|Name in Saurian|| Moøohaim (Mø)|
|Systematic name|| Untripentium (Utp)|
|Location on the periodic table|
|Previous element||Arrhenium (134Ah)|
|Next element||Cavendishium (136Cv)|
|Atomic mass||372.0840 u, 617.8599 yg|
|Atomic radius||159 pm, 1.59 Å|
|Van der Waals radius||176 pm, 1.76 Å|
|Nucleons||369 (135 p+, 234 n0)|
|Nuclear radius||8.57 fm|
|Electron configuration|| [Mc] 5g9 6f4 8s2 8p2|
2, 8, 18, 32, 41, 22, 8, 4
|Oxidation states|| +3, +4, +5|
(mildly basic oxide)
|First ionization energy||646.8 kJ/mol, 6.703 eV|
|Electron affinity||−120.0 kJ/mol, −1.243 eV|
|Covalent radius||175 pm, 1.75 Å|
|Molar mass||372.084 g/mol|
|Molar volume||69.951 cm3/mol|
|Atomic number density|| 1.62 × 1021 g−1|
8.61 × 1021 cm−3
|Average atomic separation||488 pm, 4.88 Å|
|Speed of sound||2338 m/s|
|Crystal structure||Body centered cubic|
|Melting point|| 920.45 K, 1656.80°R|
|Boiling point|| 1720.23 K, 3096.42°R|
|Liquid range||799.79 K, 1439.62°R|
|Triple point|| 920.45 K, 1656.82°R|
@ 1.4940 Pa, 0.011206 torr
|Critical point|| 3772.95 K, 6791.31°R|
@ 64.5721 MPa, 637.279 atm
|Heat of fusion||9.842 kJ/mol|
|Heat of vaporization||165.884 kJ/mol|
|Heat capacity|| 0.05797 J/(g•K), 0.10435 J/(g•°R)|
21.571 J/(mol•K), 38.827 J/(mol•°R)
|Universe (by mass)|| Relative: 5.48 × 10−32|
Absolute: 1.84 × 1021 kg
Meyerium is the fabricated name of a theoretical element with the symbol My and atomic number 135. Meyerium was named in honor of Lothar Meyer (1830–1895), who helped Dmitri Mendeleev to draw the first periodic table of the elements in 1869. This element is known in the scientific literature as untripentium (Utp), or simply element 135. Meyerium is the fifteenth element of the lavoiside series and located in the periodic table coordinate 5g15.
Meyerium is a turquoish gray metal with a density of 5.32 g/cm3 and molar volume of 70 cm3/mol. It forms body centered cubic crystal structure with the average atomic separation of 495 pm. In one cubic centimeter of meyerium, there are 8.6 sextillion atoms. The sound travels through the thin rod of metal at 2338 m/s. Like most elements, meyerium is paramagnetic, meaning this metal is attracted by externally applied magnetic field.
Solid meyerium melts to a liquid at 1657°R (647°C), absorbing 10 kJ/mol in the process, and then to gas at 3096°R (1447°C), aborbing 166 kJ/mol. So its liquid state spans a range of 1440°R (800°C).
Meyerium contains 369 nucleons that make up the nucleus (135 protons, 234 neutrons) as well as 135 electrons in the orbitals surrounding the nucleus. The periodic table expects that meyerium should have 15 electrons in the g-orbital, but there is only nine due to smearing of the orbitals between g-, f-, d-, and p-orbitals. The f-orbital contains four electrons while p-orbital contains two.
Like every other element heavier than lead, meyerium has no stable isotopes. The most stable isotope is 369My with a half-life (t½) of 10.7 minutes. It undergoes spontaneous fission, splitting into two lighter nuclei plus neutrons like the example.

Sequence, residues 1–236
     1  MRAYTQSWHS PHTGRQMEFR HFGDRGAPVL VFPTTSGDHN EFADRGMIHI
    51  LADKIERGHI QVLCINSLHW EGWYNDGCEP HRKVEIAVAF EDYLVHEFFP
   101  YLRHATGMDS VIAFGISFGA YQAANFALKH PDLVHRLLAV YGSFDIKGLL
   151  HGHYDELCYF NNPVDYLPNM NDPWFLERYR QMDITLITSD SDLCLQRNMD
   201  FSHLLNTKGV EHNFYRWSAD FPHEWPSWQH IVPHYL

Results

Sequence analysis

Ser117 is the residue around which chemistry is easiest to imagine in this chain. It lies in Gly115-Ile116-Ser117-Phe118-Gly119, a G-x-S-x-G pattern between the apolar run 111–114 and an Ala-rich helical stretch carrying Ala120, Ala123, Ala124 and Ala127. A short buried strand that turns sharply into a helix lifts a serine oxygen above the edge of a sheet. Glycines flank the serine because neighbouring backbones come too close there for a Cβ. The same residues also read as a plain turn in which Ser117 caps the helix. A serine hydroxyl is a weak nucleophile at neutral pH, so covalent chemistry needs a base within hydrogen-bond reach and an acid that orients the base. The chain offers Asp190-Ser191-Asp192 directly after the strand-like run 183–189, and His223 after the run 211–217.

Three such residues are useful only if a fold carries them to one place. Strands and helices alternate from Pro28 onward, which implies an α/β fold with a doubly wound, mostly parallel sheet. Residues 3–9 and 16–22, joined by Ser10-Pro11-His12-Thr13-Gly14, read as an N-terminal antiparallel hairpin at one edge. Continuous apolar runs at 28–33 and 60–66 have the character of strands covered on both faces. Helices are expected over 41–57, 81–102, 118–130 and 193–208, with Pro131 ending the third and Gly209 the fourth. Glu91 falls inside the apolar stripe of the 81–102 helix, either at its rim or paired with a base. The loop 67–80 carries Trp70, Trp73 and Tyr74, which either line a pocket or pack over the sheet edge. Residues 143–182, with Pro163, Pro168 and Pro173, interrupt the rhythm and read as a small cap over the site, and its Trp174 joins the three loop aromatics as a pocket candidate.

The second longest-lived isotope, 373My, has a fission half-life of 2.79 minutes. The rest have half-lives of less than 30 seconds. Meyerium has meta states, the longest is 369mMy with a half-life of 2.3 seconds, mainly undergoing fission while sometimes undergoing isomeric transition.
Based on its electronegativity and ionization energy, meyerium is sort of reactive. It tarnishes slowly in the air and dissolves readily in water to form a base. Ions of meyerium are My3+, My4+, My5+, with My5+ is the most stable, though in aqueous solutions, My5+ is the least stable.
Meyerium(V) oxide (My2O5) is a dark green crystalline solid, and meyerium hydroxide (My(OH)5) is a purple solution. Meyerium pentafluoride (MyF5) is a peach ionic solid, meyerium pentachloride (MyCl5) is a pink ionic solid, meyerium pentabromide (MyBr5) is a tan crystalline solid, and meyerium pentaiodide (MyI5) is a yellow crystalline solid. Meyerium can also form trihalides and tetrahalides using less common oxidation states as well as sesquioxide and dioxide. Meyerium sesquisulfide (My2S3) is a reddish brown (maroon) powder forms when meyerium reacts with sulfur suboxide or sulfur trioxide. Meyerium(IV) carbide (MyC) is a gray refractory solid forms when meyerium reacts with burning coal.
Organomeyerium is an organic compound of meyerium. Some examples include trimethylmeyerium ((CH3)3My), meyerocene diiodide ((C5H5)4MyI2), and meyerose (C18H16My8).
Occurrence and synthesis Edit
It is certain that meyerium is virtually nonexistent on Earth, and is extremely rare in the universe. Since every element heavier than lithium were produced by stars, then meyerium must be produced in stars, and then thrown out into space by exploding stars. But it is virtually impossible for even the most powerful supernovae or most violent neutron star collisions to produce this element through r-process because there's not enough energy available or not enough neutrons, respectively, to produce this hyperheavy element. Instead, this element can only practically be made by advanced technological civilizations. An estimated abundance of meyerium in the universe by mass is 5.48 × 10−32, which amounts to 1.84 × 1021 kilograms.
To go along with other such civilizations, humans on Earth may eventually have the capability to synthesize meyerium. To synthesize most stable isotopes of meyerium, nuclei of a couple lighter elements must be fused together, and right amount of neutrons must be seeded. This operation would be extremely difficult since it requires a vast amount of energy. Here's couple of example equations in the production of the most stable isotope, 369My.